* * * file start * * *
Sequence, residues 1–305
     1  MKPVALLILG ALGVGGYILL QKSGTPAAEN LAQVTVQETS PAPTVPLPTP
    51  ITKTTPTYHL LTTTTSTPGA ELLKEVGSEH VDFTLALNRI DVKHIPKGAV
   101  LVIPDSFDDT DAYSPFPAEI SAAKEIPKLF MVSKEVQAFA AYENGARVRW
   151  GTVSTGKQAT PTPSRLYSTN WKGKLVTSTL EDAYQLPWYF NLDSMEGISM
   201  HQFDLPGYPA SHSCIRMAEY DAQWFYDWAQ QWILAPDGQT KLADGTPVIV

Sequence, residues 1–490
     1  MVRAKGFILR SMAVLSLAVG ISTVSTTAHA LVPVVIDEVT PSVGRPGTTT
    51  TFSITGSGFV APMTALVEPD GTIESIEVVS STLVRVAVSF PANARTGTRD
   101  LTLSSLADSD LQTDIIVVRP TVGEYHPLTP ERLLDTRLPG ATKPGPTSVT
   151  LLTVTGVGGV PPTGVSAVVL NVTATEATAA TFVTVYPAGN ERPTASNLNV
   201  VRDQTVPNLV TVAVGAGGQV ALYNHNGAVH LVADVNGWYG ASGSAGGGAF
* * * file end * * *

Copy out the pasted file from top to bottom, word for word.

Sequence, residues 1–305
     1  MKPVALLILG ALGVGGYILL QKSGTPAAEN LAQVTVQETS PAPTVPLPTP
    51  ITKTTPTYHL LTTTTSTPGA ELLKEVGSEH VDFTLALNRI DVKHIPKGAV
   101  LVIPDSFDDT DAYSPFPAEI SAAKEIPKLF MVSKEVQAFA AYENGARVRW
   151  GTVSTGKQAT PTPSRLYSTN WKGKLVTSTL EDAYQLPWYF NLDSMEGISM
   201  HQFDLPGYPA SHSCIRMAEY DAQWFYDWAQ QWILAPDGQT KLADGTPVIV

Sequence, residues 1–490
     1  MVRAKGFILR SMAVLSLAVG ISTVSTTAHA LVPVVIDEVT PSVGRPGTTT
    51  TFSITGSGFV APMTALVEPD GTIESIEVVS STLVRVAVSF PANARTGTRD
   101  LTLSSLADSD LQTDIIVVRP TVGEYHPLTP ERLLDTRLPG ATKPGPTSVT
   151  LLTVTGVGGV PPTGVSAVVL NVTATEATAA TFVTVYPAGN ERPTASNLNV
   201  VRDQTVPNLV TVAVGAGGQV ALYNHNGAVH LVADVNGWYG ASGSAGGGAF